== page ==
As for writing prequels, I haven’t given it consideration for my own stories/milieus. I suppose if an idea for one really gripped me, I’d probably write it, if only to satisfy myself.

    1. I just had another thought – perhaps I’d be less averse to a prequel in short story format, but offhand I can’t recall reading any.

      1. kamikazezealot · · Reply

        My favorite short story prequel is from the Hitchhiker’s Guide series. “Young Zaphod Plays it Safe” takes a look at the character from the period before he blocked off part of his mind, and links back to the rest of the series through an escaped person who was headed for Earth.

  11. As far a literary prequels go I believe it depends deeply upon the skill of the author.
    For example, I loved “The Silmarillion” – the prequel to “The Hobbit” & LOTR and “No Room for Man” & “Tactics of Mistake” – the prequels to “Dorsai!”.

    Other prequels, not so much.

    1. Gosh, I read those so long ago, I can’t even remember if I read the prequels!

  12. kamikazezealot · · Reply

    I also agree that it really depends on the author’s skill. I also take the time period and purpose into account before watching or reading a prequel. With the literary side, I don’t know until I read it whether or not I’ll enjoy it as much as the original material. As far as film and television go, for me personally it strongly depends on the purpose and period it’s set in. Ideally I like when things are set around 50 years prior or earlier, as it puts the events of the main body of work into a historical context. Such as the “These two countries are at war for X years, and nobody remembers why” trope. A prequel telling the story of how the war started is rather nice to see, as it’s likely a lot of the characters haven’t been seen/heard from before. And it gives a perspective on the main work that you didn’t quite have before. (This is one reason why I do like Doctor Who as much as I do, as the Doctor and his companion[s] are basically us when they travel to another world or time period. While much of the plot is usually farfetched, when it takes place in a time period prior to a main plot earlier in the show’s history or season, it kinda gives the “This is why X happened in the first place” sort of explanation.)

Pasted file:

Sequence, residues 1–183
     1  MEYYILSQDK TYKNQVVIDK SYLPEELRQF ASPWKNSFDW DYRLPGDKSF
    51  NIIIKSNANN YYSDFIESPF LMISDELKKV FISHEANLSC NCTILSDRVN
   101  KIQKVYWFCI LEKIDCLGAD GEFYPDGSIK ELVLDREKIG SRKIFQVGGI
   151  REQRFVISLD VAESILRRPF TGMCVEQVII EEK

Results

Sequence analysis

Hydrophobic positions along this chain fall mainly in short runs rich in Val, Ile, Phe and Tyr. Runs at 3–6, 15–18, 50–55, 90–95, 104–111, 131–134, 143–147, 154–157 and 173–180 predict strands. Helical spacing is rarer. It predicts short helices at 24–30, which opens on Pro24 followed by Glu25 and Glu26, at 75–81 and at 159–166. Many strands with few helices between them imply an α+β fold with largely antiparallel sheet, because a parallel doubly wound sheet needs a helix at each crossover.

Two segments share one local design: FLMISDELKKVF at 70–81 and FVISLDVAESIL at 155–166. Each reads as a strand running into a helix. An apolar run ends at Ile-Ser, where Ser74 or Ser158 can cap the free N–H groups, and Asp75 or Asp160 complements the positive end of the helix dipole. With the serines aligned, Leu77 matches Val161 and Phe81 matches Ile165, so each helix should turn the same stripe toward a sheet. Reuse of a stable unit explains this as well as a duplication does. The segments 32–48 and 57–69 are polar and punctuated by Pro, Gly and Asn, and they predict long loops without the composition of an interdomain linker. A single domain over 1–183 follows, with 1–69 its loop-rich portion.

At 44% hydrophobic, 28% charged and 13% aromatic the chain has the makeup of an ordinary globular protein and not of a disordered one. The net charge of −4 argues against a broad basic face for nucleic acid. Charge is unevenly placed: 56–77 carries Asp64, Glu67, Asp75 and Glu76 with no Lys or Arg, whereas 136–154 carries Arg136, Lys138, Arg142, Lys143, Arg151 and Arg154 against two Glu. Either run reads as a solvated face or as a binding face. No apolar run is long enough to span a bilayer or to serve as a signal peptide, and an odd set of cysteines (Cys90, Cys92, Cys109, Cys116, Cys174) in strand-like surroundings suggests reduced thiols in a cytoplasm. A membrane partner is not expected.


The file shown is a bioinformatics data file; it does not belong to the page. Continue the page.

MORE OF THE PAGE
But I do have certain exceptions. I’ll agree with those before me who said Star Wars 1-3 were awful, for many reasons, I actually enjoyed most of them. I watched Phantom Menace mainly to see how Vader/Anakin got his start. After that it was strictly for the few scenes with Darth Maul, because he’s the only part of the movie I actually liked. The second and third, again to see Vader’s backstory unfold. His story could have been handled MUCH better. Pretty much Revenge of the Sith is my guilty pleasure, as I do quite like finally having that closure after an entire childhood wondering “Why were Luke and Leia separated in the first place? And how the heck did Yoda end up in that swamp in the first place?”
    While it’s a cop-out, I did like how The Hobbit was handled compared to Star Wars 1-3. SW was basically a “here, have this. No, we have no idea how to tie it in just yet but wait for the last one, and we’ll have a very short montage to show you how it works.” Whereas with The Hobbit, it can easily be seen as both a prequel AND a partially concurrent with the main body of work (LOTR) simply due to placing the entire book in a flashback between the point when Frodo leaves to go read and wait for Gandalf, and when Gandalf arrives at Bilbo’s door. This leaves us, the viewers, able to watch it either before or after Lord of the Rings.

    1. Perhaps I should reconsider my complete aversion, then, and instead look at how distant the time period is, and how much character overlap there’s likely to be….

      1. kamikazezealot · · Reply

        Sorry about the ramlble. I was half asleep when I wrote it, so being concise wasn’t quite on my mind at the time. Anyway, I think on the most basic level time period, character overlap, and purpose are some major things that must be met to make a prequel do justice to the original work, but also to stand alone as piece unto itself. Translation into film or other medium is also a big chunk to look at, as it’s sometimes difficult to really do justice to the source material. Star Wars is a perfect example of bad translation, as a bulk of the prequel trilogy was pulled from the expanded universe canon, which has many writers and many contradictory stories in and of itself. Whereas with the Hobbit, there was a single source, single original writer, so it’s more a matter of what to drop from and what to add to the story.
        Another issue I take on the literary end is when someone other than the original author creates the prequel or sequel. Try as they might to match the tone or style, it doesn’t quite work most of the time. So it often feels like someone threw it in as an afterthought.